My friend's face greets me every morning, when I haphazardly open the fridge in search of a chilled water bottle. At least once a day my 3-year-old son points his chubby finger at the smiling face of mommy's friend, saying hi and asking questions about this and that. My friend is present in my pictures, his smile as alive as the day they were taken. But he's gone. My best friend lost his life to suicide.
Suicide can be difficult to talk about; we like to keep death at a distance in our culture, and society has created a hierarchy of death that attempts to dictate our reactions based on how people have lost their lives. But when Logan Paul, a "famous" YouTuber, walked into a Japanese "Suicide Forest" and filmed a victim for his channel — when he touched that victim's body — he desecrated the pain and fortified the stigma of suicide.
Twenty three families were forever changed while a man laughed and pointed.
Paul, whose millions of followers consist mainly of young kids and tweens, uploaded a video he had made while walking through the Aokigahara forest, what's known as the "Suicide Forest," in Japan. The footage included a dead body, with Paul and company laughing, smiling, and joking about the deceased. After outrage ensued, Paul took the video down and issued an apology of sorts, saying that he had made a mistake and "didn't do it for the views. I get views." With a reported 15 million YouTube subscribers, according to NPR, it would appear that Paul is correct: the man doesn't need to pull a sensationalized, heartless stunt to gain more followers. And yet, by disrespecting the body of a deceased individual with no regard for the person's family, friends, or humanity, that's exactly what Paul did.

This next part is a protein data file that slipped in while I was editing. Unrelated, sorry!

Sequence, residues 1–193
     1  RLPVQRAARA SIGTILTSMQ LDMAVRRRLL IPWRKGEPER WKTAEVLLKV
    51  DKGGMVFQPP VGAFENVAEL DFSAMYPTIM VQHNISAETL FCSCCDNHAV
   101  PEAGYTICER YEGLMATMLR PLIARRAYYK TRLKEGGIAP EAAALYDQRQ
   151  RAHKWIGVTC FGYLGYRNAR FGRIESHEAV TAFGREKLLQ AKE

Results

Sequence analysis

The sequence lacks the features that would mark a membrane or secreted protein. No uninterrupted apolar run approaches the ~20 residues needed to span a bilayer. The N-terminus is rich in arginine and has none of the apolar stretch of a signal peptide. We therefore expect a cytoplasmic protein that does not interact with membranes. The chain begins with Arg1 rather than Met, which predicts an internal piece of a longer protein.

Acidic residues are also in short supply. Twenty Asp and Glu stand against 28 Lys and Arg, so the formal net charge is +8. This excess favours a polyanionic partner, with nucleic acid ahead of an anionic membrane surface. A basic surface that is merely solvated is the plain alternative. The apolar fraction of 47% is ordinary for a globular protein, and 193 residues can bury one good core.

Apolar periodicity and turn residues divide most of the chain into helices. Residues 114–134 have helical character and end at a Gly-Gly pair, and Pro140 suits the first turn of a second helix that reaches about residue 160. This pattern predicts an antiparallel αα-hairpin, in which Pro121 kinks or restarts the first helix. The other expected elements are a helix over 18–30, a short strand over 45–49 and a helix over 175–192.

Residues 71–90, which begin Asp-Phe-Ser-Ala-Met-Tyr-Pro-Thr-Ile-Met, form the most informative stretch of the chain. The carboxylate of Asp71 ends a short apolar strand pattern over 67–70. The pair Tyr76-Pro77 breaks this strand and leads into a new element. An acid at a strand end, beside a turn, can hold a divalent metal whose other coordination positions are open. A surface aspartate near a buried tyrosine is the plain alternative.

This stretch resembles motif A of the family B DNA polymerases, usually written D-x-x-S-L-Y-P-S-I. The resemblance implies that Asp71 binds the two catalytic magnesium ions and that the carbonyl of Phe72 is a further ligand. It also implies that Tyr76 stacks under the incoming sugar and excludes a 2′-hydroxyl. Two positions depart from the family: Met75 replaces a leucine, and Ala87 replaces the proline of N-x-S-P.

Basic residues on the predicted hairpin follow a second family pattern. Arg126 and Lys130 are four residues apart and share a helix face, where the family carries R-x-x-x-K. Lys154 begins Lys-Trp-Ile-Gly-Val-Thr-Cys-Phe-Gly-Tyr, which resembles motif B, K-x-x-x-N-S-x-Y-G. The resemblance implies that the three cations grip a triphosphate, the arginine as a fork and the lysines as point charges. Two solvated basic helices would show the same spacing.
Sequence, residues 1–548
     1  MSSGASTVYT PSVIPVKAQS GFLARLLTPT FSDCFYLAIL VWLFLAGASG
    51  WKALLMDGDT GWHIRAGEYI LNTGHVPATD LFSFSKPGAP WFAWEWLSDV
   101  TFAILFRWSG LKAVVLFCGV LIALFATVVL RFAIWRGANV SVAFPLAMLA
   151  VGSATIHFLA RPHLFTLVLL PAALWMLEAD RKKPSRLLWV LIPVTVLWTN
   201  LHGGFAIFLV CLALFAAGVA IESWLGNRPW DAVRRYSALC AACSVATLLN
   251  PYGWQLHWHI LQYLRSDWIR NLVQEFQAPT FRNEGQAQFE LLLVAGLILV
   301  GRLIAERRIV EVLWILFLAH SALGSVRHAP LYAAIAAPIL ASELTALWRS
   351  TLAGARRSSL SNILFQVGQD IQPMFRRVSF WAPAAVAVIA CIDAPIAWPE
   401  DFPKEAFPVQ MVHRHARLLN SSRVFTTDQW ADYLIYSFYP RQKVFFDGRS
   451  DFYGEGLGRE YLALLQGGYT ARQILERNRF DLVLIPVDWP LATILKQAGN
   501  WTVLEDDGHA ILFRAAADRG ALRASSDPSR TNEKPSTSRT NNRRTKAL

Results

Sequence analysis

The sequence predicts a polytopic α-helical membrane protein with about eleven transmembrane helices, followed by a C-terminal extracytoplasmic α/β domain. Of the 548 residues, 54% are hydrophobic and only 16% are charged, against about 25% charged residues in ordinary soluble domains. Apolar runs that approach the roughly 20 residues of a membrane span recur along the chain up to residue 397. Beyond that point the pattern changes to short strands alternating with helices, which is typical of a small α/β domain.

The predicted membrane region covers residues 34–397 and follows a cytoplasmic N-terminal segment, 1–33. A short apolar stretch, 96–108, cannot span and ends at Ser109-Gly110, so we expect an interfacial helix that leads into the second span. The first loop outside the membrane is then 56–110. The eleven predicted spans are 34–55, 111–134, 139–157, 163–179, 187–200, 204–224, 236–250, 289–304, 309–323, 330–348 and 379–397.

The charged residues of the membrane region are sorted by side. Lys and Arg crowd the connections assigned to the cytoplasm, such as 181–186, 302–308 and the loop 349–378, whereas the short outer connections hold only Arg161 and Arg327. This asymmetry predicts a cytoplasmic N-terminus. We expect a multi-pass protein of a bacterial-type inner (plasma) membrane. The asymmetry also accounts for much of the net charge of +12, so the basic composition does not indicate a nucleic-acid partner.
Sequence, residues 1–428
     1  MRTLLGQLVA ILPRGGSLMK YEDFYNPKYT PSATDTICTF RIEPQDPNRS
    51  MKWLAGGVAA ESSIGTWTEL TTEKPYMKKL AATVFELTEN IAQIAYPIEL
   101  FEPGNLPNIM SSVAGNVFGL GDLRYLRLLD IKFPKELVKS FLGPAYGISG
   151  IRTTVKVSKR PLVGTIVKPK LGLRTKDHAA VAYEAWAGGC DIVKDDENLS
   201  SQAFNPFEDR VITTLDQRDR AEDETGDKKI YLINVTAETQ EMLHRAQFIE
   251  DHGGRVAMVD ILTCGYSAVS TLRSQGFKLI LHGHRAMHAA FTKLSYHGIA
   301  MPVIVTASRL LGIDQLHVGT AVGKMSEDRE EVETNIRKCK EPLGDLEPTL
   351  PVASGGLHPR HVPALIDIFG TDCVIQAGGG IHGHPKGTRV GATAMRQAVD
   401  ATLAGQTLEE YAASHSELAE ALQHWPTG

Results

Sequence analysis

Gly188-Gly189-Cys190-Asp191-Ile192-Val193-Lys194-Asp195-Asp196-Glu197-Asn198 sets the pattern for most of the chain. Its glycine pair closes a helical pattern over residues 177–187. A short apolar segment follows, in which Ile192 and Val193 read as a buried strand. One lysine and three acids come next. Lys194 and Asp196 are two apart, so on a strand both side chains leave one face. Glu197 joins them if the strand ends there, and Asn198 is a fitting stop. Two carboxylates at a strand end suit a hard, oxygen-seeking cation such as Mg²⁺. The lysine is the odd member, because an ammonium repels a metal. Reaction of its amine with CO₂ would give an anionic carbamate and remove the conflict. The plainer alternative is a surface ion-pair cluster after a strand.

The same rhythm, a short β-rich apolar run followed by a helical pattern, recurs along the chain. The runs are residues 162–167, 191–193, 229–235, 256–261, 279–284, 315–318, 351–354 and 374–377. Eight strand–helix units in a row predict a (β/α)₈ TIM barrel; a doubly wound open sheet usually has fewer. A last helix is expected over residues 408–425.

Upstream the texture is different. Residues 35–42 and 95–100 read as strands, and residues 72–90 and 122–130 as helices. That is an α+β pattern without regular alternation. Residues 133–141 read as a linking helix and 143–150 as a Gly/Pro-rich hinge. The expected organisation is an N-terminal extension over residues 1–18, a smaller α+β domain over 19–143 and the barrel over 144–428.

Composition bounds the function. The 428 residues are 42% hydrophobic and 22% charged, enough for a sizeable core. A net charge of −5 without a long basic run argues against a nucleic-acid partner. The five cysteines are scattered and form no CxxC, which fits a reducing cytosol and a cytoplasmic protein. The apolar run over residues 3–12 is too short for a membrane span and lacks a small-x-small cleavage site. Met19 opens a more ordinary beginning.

He later apologized and removed the video, but there isn't a pseudo-apology in the world that can take back what this vlogger has done, and the message he has sent to his 15 million impressionable followers who look to him as a source of information.
According to the World Health Organization (WHO), each year approximately one million people die from suicide, which represents a "global rate of 16 people per 100,000 or one death every 40 seconds." The video Paul uploaded and later deleted was over 15 minutes long. That means that, while the vlogger was exploiting the death of a complete stranger, an estimated 23 people lost their lives to suicide. Twenty three families were forever changed, while a man laughed and pointed and diminished the true impact of suicide and how it changes the lives of those who have lost someone to it.
And perhaps what is most upsetting is that Paul knew what he would likely find while walking through that forest, camera in hand. With it's colloquial name, it's doubtful that Paul was banking on finding anything else, and yet his feigned surprise, and almost sickened delight, has sent a dangerous message to his followers: suicide is funny. Suicide isn't serious. Suicide makes someone "less than," and losing your life to suicide means you're no longer human, or worthy of human dignity and respect and reverence.
It is clear, from watching the video, that Paul has never been touched by suicide. But so many of us have, and the message we want to send others is one of prevention, not exploitation.
Discussing death is, in many ways, difficult, especially when addressing younger audiences who might not be able to grasp the concept entirely. And yet it is a burden that parents, older siblings, grandparents, uncles and aunts, and, yes, YouTube stars — with a substantial following consisting almost entirely of young adults — carry. Individuals like Paul have caught the attention of our children, of the youth of America and beyond, and with that fame comes a responsibility that cannot be downplayed or pushed aside or discarded when it's convenient.